She was silent as her estranged daughter built a wellness empire as a cancer imposter but in this revealing interview, which featured in the June 2015 issue of The Australian Women’s Weekly, the mother of Belle Gibson, Natalie Dal-Bello paints a picture of a complicated family life. Clair Weaver and Bryce Corbett report.
The estranged mother of the disgraced wellness advocate Belle Gibson has spoken out for the first time, angrily refuting her daughter’s life story and imploring her to apologise.
Natalie Dal-Bello (formerly Gibson) says she was “deeply hurt and incredibly upset” at her daughter’s unforgiving account of her childhood and upbringing – and her refusal to say sorry to the people she had duped.
The 51-year-old, who says she has had no contact with her daughter for the past four years, said she was horrified to read Belle’s interview in last month’s magazine. Natalie called The Weekly, at first angry about our story and Belle’s comments, but eventually she agreed to talk to tell her side of the story.
“I can’t tell you how embarrassed we are about what she has done. And we sincerely wish to apologise to anyone who was deceived by Belle. For what small part we played in her life, we would like to say sorry.
“She’s got to look inside her own soul. The only way she is going to get forgiveness is to stop playing the victim card and spend the next few years doing nothing but charity work for cancer victims.”
Natalie says Belle’s account of her childhood is wrong. Speaking to The Weekly last month, Belle described growing up with a mother who had multiple sclerosis and a brother who was autistic, saying she was forced from the age of five to become her mother’s primary carer and do all the housework and grocery shopping.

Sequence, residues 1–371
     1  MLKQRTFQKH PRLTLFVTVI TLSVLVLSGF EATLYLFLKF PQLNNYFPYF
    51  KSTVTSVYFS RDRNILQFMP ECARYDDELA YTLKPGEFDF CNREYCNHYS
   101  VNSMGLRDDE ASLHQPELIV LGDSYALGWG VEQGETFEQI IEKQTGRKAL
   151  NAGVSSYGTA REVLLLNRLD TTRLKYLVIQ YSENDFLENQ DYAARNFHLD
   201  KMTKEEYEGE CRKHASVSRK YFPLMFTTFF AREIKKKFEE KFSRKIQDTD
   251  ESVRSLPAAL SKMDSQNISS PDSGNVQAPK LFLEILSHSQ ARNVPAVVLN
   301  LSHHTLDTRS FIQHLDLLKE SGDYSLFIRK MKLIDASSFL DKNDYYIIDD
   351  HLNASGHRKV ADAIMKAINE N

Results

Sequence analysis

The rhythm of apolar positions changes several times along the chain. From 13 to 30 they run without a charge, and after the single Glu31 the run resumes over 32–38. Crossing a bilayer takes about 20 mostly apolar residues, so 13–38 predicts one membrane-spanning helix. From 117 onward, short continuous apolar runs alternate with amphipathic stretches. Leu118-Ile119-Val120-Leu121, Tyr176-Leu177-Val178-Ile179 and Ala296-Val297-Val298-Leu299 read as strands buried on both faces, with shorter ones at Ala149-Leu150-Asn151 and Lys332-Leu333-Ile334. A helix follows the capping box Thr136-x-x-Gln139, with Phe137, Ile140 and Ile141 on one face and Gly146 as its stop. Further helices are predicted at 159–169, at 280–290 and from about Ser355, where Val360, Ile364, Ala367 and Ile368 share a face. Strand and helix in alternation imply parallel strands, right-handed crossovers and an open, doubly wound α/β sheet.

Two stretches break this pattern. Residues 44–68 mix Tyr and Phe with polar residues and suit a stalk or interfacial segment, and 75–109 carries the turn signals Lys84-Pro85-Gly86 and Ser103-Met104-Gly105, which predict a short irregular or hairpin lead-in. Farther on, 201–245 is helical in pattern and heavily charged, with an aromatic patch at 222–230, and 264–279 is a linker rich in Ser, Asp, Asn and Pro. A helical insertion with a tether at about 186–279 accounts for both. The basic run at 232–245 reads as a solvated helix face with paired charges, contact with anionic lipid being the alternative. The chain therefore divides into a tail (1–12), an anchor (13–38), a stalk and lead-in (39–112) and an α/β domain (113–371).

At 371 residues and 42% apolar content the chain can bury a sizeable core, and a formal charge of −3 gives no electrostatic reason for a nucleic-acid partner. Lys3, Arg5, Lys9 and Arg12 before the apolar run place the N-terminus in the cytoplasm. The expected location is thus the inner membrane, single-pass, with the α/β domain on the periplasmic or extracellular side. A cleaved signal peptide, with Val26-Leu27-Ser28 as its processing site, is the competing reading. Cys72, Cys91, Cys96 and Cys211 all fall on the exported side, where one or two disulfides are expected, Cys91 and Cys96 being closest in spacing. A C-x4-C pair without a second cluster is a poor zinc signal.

“What a lot of rubbish,” says Natalie, who confimed she has multiple sclerosis, but refutes the rest. “Belle never cared for me, her brother is not autistic and she’s barely done a minute’s housework in her life. I’ve practically worked myself into an early grave to give that girl everything she wanted in life. Every time she moved house, I paid for it, whenever she needed something for [her son] Ollie, I paid for it. If she wanted a new computer, I paid for it. Phone bills, clothes, beauty treatments – you name it. And this is how she repays me.
“She’s just a girl who always had ideas above her station. She was never happy with what she had and embarrassed by her family. Her tastes just became more and more expensive, and she was living beyond her means. And she was addicted to her computer. She used to fall asleep with it. Always on Facebook, always online. But that world is not real, it’s not healthy.”